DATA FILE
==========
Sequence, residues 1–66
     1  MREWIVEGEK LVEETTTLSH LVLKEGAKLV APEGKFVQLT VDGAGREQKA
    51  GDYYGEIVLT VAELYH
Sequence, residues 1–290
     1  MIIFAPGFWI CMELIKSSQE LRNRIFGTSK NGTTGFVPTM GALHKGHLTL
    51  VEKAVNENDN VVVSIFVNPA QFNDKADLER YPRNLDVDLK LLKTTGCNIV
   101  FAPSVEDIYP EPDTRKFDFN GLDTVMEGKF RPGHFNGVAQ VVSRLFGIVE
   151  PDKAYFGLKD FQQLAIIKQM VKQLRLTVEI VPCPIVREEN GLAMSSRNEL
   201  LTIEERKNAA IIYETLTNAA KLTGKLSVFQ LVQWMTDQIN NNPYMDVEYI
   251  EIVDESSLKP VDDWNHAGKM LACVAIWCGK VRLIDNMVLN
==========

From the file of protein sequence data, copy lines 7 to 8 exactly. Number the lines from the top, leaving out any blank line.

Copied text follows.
   101  FAPSVEDIYP EPDTRKFDFN GLDTVMEGKF RPGHFNGVAQ VVSRLFGIVE
   151  PDKAYFGLKD FQQLAIIKQM VKQLRLTVEI VPCPIVREEN GLAMSSRNEL